‘We did it!’ Workers in Maryland vote to form first US Apple store union

"This victory shows the growing demand for unions at Apple stores and different industries across our nation," said the head of the International Association of Machinists and Aerospace Workers.

SOURCECommon Dreams

After Apple employees in Maryland voted Saturday to form the tech giant’s first retail store union in the United States, workers’ rights advocates across the country celebrated the “pathbreaking win for labor.”

Workers at the store in Towson recently organized into the Coalition of Organized Retail Employees (CORE) and have decided to join the International Association of Machinists and Aerospace Workers (IAM).

“We did it!” IAM declared on Twitter, welcoming the Towson workers.

IAM international president Robert Martinez Jr. in a statement that “I applaud the courage displayed by CORE members at the Apple store in Towson for achieving this historic victory. They made a huge sacrifice for thousands of Apple employees across the nation who had all eyes on this election.”

“I ask Apple CEO Tim Cook to respect the election results and fast-track a first contract for the dedicated IAM CORE Apple employees in Towson,” Martinez added. “This victory shows the growing demand for unions at Apple stores and different industries across our nation.”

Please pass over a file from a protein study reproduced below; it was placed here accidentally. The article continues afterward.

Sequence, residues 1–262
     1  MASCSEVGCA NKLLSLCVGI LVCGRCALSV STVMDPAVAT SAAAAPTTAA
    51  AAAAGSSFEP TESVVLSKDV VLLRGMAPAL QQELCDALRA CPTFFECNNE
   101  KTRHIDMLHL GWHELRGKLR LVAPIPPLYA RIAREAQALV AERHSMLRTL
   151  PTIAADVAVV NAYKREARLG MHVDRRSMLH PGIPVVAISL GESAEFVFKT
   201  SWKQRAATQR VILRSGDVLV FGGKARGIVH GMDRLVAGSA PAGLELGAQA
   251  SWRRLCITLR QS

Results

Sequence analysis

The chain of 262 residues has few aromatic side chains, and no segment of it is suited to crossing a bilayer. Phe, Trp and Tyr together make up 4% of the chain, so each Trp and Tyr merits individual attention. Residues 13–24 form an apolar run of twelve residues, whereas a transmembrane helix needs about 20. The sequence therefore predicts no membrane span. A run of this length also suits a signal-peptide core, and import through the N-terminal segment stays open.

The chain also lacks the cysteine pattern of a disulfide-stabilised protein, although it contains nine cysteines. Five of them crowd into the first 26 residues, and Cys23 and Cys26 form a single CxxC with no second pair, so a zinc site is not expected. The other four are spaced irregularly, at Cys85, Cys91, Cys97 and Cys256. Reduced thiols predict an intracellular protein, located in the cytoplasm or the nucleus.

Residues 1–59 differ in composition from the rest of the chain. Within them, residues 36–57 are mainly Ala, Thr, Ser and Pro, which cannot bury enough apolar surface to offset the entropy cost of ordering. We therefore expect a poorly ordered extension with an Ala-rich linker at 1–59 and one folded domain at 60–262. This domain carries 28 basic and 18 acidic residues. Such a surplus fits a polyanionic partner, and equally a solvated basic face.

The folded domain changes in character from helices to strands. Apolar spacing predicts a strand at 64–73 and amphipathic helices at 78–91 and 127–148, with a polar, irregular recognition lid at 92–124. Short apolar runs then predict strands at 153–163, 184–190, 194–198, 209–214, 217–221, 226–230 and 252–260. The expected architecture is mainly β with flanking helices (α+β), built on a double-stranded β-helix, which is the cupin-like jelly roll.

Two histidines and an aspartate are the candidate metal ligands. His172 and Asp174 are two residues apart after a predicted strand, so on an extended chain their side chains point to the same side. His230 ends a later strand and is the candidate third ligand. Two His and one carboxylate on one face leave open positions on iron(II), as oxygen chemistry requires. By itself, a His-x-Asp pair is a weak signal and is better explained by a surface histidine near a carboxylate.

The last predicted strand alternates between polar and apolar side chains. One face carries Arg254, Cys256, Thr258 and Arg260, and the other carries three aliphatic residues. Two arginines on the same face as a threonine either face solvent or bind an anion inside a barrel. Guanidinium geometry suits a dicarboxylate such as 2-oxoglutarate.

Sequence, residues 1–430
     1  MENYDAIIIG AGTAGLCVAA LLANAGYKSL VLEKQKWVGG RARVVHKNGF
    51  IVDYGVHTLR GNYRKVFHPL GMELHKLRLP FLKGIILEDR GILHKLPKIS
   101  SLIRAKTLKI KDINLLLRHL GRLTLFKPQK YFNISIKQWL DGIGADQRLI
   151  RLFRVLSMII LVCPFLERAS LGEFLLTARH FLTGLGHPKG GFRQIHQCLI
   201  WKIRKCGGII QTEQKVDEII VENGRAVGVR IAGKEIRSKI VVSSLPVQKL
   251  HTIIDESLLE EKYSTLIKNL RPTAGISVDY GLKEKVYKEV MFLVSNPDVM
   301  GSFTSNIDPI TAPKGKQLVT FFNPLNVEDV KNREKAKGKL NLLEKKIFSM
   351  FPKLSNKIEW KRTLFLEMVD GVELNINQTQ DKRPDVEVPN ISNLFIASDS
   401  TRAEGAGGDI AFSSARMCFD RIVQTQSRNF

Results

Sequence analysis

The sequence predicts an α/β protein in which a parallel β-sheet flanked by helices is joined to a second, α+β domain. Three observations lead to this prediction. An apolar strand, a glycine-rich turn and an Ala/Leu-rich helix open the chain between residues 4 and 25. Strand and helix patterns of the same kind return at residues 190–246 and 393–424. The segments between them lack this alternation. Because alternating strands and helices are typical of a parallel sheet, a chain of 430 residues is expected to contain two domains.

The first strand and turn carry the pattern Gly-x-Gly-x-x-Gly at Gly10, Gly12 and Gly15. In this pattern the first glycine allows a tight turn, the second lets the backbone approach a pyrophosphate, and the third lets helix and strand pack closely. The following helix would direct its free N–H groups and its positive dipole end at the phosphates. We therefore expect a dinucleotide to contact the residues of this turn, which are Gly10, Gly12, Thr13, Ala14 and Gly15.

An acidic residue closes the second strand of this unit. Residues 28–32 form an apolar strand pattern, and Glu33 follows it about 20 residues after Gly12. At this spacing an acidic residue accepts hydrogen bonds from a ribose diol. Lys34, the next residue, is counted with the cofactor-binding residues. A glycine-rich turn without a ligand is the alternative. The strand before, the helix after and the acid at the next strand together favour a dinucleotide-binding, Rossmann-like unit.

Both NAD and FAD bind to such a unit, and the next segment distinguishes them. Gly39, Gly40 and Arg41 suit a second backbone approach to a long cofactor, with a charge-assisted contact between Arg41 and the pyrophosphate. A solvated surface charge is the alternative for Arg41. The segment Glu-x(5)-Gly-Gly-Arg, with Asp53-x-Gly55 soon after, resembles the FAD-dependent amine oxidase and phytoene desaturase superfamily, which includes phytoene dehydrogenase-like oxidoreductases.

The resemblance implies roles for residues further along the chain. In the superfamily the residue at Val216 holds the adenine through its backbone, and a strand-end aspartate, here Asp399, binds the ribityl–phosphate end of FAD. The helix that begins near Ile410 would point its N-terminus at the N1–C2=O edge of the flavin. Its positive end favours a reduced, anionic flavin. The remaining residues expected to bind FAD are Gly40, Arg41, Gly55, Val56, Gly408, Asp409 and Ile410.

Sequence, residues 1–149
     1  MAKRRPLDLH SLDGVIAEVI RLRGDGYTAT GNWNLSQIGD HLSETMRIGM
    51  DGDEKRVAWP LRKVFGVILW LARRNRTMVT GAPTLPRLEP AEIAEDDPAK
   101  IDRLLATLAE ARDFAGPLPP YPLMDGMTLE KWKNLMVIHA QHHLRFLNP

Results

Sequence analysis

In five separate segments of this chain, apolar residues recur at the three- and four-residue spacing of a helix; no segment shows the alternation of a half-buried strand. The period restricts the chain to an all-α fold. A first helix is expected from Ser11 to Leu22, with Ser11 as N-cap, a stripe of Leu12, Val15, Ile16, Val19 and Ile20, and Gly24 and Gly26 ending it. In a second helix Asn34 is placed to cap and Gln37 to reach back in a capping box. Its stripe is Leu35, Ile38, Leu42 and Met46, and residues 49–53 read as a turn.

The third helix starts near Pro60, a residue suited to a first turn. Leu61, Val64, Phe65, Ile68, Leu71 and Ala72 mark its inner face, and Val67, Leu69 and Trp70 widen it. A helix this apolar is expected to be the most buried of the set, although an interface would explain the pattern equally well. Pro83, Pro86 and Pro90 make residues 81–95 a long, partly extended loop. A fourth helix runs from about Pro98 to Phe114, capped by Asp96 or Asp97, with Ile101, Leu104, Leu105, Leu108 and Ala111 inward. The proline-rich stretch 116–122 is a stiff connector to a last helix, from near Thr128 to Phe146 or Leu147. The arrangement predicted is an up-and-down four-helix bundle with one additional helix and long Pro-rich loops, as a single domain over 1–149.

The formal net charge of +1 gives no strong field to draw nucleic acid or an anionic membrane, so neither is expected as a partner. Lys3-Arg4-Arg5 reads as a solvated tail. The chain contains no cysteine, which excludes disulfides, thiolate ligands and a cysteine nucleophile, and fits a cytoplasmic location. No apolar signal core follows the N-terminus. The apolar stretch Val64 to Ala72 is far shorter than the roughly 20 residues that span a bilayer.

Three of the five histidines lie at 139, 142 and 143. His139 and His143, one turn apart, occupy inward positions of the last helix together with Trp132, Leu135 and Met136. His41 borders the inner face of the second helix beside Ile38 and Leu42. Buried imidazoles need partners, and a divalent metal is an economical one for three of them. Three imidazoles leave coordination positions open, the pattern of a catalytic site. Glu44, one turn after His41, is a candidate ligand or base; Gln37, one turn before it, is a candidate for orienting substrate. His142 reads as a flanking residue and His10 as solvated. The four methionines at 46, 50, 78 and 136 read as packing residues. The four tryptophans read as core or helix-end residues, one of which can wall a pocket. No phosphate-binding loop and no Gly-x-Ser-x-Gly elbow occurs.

The win in Maryland comes as Amazon and Starbucks workers across the nation are also pushing for unions—and the companies are fighting back.

Apple is no different, according to More Perfect Union and The Washington Post, which reported that “Saturday evening’s initial tally was 65-33, and the official count was pending.”

While an Apple representative declined to comment, Towson worker Billy Jarboe told the newspaper that the company’s campaign to undermine the union drive “definitely shook people,” but most supporters of the effort weren’t swayed.

“It just feels good to go into a new era of this kind of work, hopefully it creates a spark [and] the other stores can use this momentum,” Jarboe said.

Eric Brown, another employee in Towson, told the Post that organizers of an unsuccessful unionization campaign at an Atlanta store “let us know what some of the talking points and tactics were going to be, and we were able to let people know some of the things they may try.”

Tyra Reeder similarly told The New York Times that “we kind of got some insight from the Atlanta store on things that were coming,” pointing to the company’s claims that a contract negitation process could lead to workers losing some benefits.

“For that to happen, a majority of us have to agree,” Reeder said. “I don’t think any of us would agree to lose something we love dearly, that benefits us.”

As for being an Apple employee, Reeder said: “We love our jobs. We just want to see them do better.”


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